Der Spiegel Tent is a calamitous mix of Glastonbury Lost Vagueness whimsical drama and indie pop gazing Ptarnum-isms. Only on a roundabout in Sussex. And The Pipettes are its greatest show on earth. Rose, Becki and Gwenno (obviously, the best, in a post Sarah 'Chips' Harding Girls Aloud way) are a glorious finish to an evening of wind-battering band-baiting; forcing all sorts of feet-plopping, awkward man-dancing and ramshackle smiles. Such Phil-Spector-shoots-21st-Century-Grease sounds are perfect Great Escape; der spiegel tent ist sehr gut.
You're pretty much screwed if you see the best band of a festival on the opening night, but Holy Fuck (pictured; above) decided to do just that. The all-live dance n' beats extravaganza sends me and half the room off in raptures. Clearly loving every minute of it, Holy Fuck ascend and nearly smash through the ceiling in terms of intensity, layering and volume. Truly one of the best live bands I've ever seen.
Jeremy Warmsley solo however, is often something to be approached with a degree of caution. Gone are his trademark bleeps and beats, replaced only with a toy piano and guitar. Tonight however, J-Wo's songs are his calling cards, 'Dirty Blue Jeans' stays in the head for hours to come and he pulls it all off with a smile. Perfect.
Scissors for Lefty's electro-tinged indie-rock rams the Freebutt on Friday and with good reason. The same can't be said for The Pigeon Detectives the day after - 'I'm Not Sorry' is a solid pop tune, but it doesn't get anywhere past that. Shy Child disappoints a rammed Beach, after Metric have whipped them into a sexed-up frenzy and while the 'industry' goes to wank off during Klaxons (pictured; below), the Dischord-tinged, incredibly driven punk-rock of Dartz! is all the aural masturbation I need.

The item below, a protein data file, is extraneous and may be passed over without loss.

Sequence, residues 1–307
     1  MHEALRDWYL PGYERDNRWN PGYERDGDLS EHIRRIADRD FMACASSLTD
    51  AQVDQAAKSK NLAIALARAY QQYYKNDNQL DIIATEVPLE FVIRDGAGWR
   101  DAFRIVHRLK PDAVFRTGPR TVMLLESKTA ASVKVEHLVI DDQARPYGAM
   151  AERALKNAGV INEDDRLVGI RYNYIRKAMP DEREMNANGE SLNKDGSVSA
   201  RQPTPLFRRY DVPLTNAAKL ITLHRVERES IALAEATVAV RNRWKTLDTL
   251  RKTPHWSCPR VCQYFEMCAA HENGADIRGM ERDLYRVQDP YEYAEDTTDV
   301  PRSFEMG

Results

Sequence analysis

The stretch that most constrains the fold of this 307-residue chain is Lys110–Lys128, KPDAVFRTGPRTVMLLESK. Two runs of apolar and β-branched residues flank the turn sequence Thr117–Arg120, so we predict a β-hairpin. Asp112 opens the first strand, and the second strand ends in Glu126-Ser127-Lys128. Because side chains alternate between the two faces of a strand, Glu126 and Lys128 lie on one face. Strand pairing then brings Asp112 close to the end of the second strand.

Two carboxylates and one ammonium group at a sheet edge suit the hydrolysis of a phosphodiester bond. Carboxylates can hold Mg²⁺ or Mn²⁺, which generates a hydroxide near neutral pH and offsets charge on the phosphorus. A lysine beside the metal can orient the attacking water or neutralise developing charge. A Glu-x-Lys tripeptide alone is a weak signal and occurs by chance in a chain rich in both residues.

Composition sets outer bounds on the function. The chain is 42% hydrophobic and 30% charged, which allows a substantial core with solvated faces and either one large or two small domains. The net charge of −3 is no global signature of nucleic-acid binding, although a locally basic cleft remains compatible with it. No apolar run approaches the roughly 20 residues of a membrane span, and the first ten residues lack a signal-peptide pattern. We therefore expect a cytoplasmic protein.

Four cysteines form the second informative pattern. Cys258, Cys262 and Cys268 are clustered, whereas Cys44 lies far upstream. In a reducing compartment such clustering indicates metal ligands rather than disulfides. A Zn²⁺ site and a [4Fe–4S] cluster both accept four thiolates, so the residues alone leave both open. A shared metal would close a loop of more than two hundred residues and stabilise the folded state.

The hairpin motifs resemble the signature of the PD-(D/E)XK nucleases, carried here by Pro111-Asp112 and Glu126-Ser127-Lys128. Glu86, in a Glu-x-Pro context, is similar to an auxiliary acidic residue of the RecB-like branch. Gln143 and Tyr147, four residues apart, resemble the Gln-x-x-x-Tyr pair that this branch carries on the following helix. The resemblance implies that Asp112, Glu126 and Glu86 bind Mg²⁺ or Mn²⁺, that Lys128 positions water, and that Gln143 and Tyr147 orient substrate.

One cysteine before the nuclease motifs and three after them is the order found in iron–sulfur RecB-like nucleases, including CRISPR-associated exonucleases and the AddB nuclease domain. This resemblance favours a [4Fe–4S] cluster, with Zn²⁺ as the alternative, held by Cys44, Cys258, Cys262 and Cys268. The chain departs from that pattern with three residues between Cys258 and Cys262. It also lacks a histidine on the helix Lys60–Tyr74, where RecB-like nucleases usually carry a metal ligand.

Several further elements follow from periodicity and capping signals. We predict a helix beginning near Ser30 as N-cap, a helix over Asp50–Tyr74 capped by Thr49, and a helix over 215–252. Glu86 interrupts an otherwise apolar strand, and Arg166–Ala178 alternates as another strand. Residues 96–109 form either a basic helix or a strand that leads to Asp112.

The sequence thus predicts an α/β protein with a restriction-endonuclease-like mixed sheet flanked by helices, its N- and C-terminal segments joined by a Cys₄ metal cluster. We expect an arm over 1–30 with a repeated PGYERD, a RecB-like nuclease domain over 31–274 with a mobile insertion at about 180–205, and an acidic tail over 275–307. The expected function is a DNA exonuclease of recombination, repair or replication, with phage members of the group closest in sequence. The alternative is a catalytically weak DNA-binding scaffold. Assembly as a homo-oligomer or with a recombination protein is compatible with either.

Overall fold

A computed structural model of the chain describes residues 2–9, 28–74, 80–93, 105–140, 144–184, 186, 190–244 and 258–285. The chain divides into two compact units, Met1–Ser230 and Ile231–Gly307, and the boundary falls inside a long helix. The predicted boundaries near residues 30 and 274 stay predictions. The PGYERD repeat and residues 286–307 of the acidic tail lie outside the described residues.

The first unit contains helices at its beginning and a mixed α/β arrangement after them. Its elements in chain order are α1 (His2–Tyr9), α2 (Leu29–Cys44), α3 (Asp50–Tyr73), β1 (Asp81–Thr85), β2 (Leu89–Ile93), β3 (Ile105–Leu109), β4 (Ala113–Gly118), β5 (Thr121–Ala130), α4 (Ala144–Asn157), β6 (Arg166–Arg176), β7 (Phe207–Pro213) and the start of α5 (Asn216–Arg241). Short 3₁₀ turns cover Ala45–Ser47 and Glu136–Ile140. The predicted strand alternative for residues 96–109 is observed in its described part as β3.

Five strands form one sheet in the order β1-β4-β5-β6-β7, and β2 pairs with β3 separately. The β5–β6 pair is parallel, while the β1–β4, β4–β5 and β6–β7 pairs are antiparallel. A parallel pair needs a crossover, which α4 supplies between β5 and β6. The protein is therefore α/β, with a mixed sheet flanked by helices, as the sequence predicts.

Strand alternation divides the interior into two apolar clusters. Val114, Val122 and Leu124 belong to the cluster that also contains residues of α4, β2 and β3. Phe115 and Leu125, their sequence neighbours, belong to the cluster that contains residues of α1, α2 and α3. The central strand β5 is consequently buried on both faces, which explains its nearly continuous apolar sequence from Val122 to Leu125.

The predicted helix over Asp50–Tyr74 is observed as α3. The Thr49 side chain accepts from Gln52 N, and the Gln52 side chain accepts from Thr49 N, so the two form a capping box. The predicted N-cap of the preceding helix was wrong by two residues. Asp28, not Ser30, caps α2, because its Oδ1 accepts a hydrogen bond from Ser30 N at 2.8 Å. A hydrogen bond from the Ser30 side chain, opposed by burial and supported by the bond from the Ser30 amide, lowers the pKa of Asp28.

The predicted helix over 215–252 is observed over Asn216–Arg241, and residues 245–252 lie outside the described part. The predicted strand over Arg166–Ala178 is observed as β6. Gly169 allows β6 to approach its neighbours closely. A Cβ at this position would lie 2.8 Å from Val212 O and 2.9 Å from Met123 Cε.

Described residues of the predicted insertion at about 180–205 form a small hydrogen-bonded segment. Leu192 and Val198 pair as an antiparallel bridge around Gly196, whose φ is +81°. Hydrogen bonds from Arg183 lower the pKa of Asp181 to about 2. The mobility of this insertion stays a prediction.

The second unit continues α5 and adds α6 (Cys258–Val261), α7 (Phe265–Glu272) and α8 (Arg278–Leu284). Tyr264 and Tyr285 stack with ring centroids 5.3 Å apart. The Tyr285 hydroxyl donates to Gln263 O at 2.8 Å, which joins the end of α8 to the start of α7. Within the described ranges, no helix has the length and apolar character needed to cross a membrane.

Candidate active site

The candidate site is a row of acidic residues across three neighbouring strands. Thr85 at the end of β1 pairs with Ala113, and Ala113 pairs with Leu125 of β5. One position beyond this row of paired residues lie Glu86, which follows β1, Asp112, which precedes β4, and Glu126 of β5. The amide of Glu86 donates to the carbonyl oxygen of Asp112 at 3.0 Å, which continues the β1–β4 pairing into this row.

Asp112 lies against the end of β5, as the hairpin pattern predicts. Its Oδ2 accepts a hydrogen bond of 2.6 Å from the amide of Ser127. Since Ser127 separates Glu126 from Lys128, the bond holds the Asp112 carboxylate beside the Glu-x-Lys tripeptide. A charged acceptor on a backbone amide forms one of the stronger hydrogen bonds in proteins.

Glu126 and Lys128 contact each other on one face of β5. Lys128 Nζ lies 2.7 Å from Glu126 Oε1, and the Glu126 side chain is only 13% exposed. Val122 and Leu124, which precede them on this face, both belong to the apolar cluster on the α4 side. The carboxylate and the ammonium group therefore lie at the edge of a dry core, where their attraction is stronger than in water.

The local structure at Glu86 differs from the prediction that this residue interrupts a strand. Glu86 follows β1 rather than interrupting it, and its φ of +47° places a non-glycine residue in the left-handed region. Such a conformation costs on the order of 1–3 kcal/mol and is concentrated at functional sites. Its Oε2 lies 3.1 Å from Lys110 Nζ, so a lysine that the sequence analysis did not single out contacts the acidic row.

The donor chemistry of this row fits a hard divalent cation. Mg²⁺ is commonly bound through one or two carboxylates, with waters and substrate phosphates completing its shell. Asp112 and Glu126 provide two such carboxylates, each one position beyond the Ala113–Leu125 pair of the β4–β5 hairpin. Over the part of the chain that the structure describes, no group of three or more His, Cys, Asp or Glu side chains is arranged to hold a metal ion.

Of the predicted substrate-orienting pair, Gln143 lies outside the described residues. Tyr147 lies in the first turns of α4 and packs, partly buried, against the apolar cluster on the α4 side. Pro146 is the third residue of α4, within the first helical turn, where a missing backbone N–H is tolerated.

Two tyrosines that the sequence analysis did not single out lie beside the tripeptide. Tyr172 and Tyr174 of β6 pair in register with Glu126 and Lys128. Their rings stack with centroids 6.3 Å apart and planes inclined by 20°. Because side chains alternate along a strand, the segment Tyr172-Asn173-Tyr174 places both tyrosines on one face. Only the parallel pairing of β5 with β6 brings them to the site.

... Those are our top tips from the weekend. Some you may be familiar with, others you most certainly will not be. You must appreciate that we struggled long and hard to get to these bands. Brighton is not a place conducive to hard work and we were on what was essentially a glorified pub crawl contracting all manner of filthy illnesses. Brighton is bad for our health. Along the way, however, a deep-seated appreciation for fry-ups and a card game called Bullshit/Cheat was formed and it should also be noted that everyone should own a Prince record. He makes one hell of a soundtrack.